Rumor has it there was another death at Ely State Prison, on the date of August 17th, 2012. Allegedly, someone had choked their cellie to death. This supposedly took place in Unit 8, on the workers’ side this time. It remains to be seen if the wardens will completely close Unit 8 down, permanently. There was just a death in Unit 8, earlier this year, in march, on the non-workers side, which resulted in that wing of Unit 8 being locked down permanently.

Any time something like this happens at Ely State Prison, all of the prisoners are punished, whether they had something to do with it or not. This is called “Group Punishment,” and it really serves no significant purpose, other than to mete out more repression to the prisoners. It obviously does not stop more deaths from occurring.

Back in 2004, when someone allegedly got killed while on tier time in Unit 7, the warden locked Unit 7 down for good.

Back in 2005, when a prisoner allegedly threw jalapenyo juice in his cellie’s eyes and allegedly stumped him out to the point of hospitalization, the jalapenyos were taken away from the prisoners.

Back in 2002, when prisoners allegedly came out on tier time with chili cans tied up inside their laundry bags and allegedly whacked other prisoners over the head with the chili cans, in an alleged gang fight, that was the end of all canned foods. Now the prisoners buy all of their food in packages.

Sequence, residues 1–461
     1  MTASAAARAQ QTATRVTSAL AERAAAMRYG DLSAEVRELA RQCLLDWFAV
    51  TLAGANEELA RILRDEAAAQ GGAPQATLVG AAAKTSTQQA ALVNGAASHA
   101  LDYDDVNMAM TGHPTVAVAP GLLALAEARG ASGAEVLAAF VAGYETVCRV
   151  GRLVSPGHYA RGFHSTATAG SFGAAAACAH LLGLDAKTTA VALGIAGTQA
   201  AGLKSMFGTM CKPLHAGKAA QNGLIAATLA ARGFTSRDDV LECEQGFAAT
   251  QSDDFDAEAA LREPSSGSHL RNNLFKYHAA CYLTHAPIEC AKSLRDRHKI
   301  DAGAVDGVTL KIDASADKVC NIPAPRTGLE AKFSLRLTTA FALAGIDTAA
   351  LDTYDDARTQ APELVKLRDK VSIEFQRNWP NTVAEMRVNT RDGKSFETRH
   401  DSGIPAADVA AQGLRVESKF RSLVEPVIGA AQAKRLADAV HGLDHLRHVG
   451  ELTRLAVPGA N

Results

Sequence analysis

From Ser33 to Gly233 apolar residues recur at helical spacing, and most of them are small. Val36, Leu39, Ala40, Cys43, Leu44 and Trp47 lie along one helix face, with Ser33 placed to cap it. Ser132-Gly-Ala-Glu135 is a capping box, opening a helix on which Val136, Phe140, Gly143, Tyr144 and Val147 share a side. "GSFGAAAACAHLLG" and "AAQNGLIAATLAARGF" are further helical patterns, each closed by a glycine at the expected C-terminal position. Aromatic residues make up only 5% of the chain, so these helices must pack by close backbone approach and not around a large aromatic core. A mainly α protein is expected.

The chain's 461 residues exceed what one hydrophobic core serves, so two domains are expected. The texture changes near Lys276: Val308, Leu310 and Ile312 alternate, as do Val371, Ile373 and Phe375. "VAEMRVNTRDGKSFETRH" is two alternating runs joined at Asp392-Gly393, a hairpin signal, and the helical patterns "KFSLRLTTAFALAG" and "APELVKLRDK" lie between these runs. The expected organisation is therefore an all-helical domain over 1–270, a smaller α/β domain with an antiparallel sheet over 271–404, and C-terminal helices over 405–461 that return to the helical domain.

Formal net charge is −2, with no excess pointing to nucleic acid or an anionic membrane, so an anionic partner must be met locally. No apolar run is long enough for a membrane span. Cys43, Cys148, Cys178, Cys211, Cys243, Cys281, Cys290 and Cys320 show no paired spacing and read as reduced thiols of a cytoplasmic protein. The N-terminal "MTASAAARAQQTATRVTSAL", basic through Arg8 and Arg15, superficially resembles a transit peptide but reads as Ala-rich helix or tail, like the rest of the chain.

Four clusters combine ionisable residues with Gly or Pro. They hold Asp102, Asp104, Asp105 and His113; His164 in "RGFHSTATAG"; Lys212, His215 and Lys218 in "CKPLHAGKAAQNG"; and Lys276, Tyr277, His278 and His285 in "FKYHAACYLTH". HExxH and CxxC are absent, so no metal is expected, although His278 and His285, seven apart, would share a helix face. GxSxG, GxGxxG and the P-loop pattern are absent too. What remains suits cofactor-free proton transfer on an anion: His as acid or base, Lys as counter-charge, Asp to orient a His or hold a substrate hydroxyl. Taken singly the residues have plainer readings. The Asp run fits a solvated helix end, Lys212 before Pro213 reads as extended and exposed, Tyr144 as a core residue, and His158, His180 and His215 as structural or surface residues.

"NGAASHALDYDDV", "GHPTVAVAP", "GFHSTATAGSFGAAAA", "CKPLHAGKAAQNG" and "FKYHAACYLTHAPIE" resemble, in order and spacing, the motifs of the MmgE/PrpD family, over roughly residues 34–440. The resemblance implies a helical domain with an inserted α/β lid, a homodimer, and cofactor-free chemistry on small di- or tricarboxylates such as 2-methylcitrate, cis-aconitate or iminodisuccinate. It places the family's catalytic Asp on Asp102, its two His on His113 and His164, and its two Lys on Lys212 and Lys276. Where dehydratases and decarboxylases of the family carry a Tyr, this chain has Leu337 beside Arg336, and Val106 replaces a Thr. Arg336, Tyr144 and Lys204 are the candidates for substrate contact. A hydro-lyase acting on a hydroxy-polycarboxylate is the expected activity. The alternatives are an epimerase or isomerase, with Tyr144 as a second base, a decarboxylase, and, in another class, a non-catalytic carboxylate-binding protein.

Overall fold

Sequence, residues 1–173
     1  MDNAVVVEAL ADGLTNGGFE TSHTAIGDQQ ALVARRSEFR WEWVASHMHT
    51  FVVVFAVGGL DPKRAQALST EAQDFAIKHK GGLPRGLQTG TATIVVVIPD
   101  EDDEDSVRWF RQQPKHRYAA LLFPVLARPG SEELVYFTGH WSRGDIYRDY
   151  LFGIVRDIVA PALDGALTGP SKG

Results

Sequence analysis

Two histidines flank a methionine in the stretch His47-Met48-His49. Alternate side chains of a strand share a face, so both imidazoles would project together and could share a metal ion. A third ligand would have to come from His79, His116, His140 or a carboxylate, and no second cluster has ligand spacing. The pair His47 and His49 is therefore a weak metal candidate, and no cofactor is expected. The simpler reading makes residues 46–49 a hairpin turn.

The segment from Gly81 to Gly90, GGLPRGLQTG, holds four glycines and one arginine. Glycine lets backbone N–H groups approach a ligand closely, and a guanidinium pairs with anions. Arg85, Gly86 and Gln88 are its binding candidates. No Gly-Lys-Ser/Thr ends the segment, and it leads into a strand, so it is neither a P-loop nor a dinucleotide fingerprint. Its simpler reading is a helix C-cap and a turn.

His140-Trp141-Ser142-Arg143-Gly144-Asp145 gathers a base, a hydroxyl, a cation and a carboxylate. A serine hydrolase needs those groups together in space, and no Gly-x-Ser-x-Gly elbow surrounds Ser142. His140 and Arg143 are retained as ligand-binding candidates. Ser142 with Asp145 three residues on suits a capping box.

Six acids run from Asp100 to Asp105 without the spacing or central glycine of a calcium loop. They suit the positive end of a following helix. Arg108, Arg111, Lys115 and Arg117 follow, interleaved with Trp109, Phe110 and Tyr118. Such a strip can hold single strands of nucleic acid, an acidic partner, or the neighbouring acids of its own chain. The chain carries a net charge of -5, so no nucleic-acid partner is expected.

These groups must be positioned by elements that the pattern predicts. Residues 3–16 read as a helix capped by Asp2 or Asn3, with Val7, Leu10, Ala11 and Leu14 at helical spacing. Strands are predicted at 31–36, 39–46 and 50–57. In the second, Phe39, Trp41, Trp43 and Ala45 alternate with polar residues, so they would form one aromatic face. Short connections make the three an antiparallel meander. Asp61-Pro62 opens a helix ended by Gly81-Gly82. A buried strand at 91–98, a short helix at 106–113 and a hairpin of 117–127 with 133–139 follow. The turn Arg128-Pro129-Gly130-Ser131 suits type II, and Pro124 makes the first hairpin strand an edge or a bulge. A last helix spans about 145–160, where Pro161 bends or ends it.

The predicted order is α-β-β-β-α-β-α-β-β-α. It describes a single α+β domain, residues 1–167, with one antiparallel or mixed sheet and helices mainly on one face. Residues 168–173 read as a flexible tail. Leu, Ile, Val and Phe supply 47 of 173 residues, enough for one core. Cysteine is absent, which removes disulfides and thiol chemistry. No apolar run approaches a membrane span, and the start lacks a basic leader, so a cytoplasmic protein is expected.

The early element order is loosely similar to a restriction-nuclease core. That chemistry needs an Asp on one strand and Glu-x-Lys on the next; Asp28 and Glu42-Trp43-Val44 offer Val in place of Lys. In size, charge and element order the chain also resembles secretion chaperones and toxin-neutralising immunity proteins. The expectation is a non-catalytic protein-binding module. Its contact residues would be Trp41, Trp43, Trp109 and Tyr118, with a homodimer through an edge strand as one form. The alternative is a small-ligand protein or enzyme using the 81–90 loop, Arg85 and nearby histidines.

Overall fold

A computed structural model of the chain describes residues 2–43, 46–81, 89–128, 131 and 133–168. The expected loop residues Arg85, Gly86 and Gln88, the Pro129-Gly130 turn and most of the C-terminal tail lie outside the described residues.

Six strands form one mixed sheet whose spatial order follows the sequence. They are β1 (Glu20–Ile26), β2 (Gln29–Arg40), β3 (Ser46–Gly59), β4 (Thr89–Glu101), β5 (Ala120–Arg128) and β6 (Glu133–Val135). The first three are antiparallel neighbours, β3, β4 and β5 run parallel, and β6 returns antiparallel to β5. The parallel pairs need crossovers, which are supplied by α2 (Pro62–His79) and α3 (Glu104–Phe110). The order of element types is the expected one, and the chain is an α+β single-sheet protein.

Back in 2006, when a prisoner allegedly used a metal rod from the inside of a typewriter (see  the exposé of Douglas Potter here), all the typewriters were taken away from all of the prisoners.

In some ways this makes sense, but at the same time, realistically speaking, this does not prevent prisoners from finding other things to use as weapons, or from finding more creative ways to attack, harm or kill, and as we have seen a couple times at E.S.P. now: when prisoners have no weapons they will use their tax hands to kill.

So, in all these cases (and believe me, there’s more), we see more acts of group punishment, but we don’t see how these acts of group punishment are stopping deaths from happening. How many times has someone killed their cellie at E.S.P.?  And out of all the times this has happened, when has the Administration ever said, “We are going to stop letting you have cellies!”? Never. In fact, most of the deaths that happen at Ely State Prison happen in the cells, by their cell mates, allegedly.

So wouldn’t it make sense to forbid the prisoners to be in a cell with other prisoners? Yes, of course it would make sense, but it is highly unlikely that this would ever happen, because the Administration needs to cell prisoners up with other prisoners, or else they would have no other place to put them. So Administration does what they need to do, to serve their interests, at the cost of other prisoners’ lives, and to shift the blame from themselves, they keep finding ways to take it out on all of the other prisoners that had no involvement, meanwhile, year after year, more prisoners die.